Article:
I have been observing and making the occasional post over the past few days and I have to admit that the atmosphere seems to have improved. The original moderators are nowhere to be found; clearly a good thing. Also, their band of sycophants and supporters seem to be much more muted in their non-sensical ranting. I am hopeful that this forum has, once again, become a place where diabetics can benefit from accurate advice on low-carb/high-fat dieting.

Seems like that old saying is true: the best disinfectant is sunshine.

10 thoughts on “Diabetes.co.uk Update

  1. “. . . once you have type 2 diabetes you have two choices: very low-carb and no meds or recommended diet and meds.”

    I support LC diets. But I think we have to remember that not everyone can have normal BGs off meds even on a LC diet. It depends on how far advances your diabetes was when you were Dx’d.

    If most of your beta cells were already gone, you’ll need some medication assistance no matter what, just as type 1s can’t control with diet alone.

    Dr Jay’s Reply:

    You are correct, of course. It really depends on how much beta-cell capacity you have preserved when you start carb restriction. The comment I referenced in my post was directed at a newly diagnosed type 2 diabetic. I think for people like that it is reasonable to try to get completely off meds by carb restriction. For those who are restricting carbs but who still require meds to achieve normal sugars, I would encourage them to go as low as possible on the carbs before concluding that they must have meds.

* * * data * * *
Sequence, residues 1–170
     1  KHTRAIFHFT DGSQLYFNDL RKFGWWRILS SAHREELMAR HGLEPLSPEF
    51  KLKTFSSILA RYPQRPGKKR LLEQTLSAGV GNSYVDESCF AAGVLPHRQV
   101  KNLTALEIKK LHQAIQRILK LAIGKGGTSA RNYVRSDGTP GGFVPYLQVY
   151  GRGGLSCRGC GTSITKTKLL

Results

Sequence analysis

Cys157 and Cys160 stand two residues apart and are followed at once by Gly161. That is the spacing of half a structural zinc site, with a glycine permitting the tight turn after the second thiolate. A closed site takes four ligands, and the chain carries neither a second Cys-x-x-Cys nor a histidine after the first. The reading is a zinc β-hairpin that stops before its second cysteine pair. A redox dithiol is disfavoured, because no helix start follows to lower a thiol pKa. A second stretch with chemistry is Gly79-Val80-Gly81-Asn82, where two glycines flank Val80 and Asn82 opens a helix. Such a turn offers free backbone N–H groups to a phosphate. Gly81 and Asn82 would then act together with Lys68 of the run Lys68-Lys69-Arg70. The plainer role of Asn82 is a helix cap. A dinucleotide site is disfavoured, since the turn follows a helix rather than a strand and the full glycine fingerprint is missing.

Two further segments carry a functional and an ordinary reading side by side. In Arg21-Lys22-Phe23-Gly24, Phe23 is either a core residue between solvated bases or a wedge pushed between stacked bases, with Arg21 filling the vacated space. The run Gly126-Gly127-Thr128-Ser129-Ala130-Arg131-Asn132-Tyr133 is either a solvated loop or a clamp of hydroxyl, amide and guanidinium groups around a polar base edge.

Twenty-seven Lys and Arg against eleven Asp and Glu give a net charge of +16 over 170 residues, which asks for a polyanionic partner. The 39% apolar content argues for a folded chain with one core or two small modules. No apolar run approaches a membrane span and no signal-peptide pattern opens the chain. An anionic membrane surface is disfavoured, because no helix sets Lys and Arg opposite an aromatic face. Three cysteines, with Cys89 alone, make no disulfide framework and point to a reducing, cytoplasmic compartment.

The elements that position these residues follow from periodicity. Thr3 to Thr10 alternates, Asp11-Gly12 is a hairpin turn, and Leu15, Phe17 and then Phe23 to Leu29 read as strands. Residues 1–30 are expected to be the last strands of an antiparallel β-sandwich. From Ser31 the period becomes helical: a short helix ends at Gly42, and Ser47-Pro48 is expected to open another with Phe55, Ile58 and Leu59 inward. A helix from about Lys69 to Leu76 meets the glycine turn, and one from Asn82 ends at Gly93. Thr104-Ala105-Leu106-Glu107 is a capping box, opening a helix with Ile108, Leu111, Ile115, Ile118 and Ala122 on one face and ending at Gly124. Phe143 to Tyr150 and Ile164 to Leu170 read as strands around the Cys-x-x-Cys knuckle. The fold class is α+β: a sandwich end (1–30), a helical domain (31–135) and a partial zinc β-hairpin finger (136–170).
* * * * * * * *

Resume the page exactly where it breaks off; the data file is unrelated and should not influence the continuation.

2. The problem with holding off on meds is that high BGs can kill beta cells. The old philosophy was to try diet and exercise and come back in 6 months. In some people, 6 months of high BGs ensured that they’d be on meds forever.

    Today some are suggesting starting right off with insulin to bring BGs into normal range. Then you can back off the insulin (or orals) as the LC diet, sometimes combined with weight loss, is able to keep the BGs normal.

    Bernstein says that 2 weeks of normal BGs with the use of the Biostator (a closed-loop system available only in research settings) resulted in much improved pancreatic function some years ago. But very few have access to that.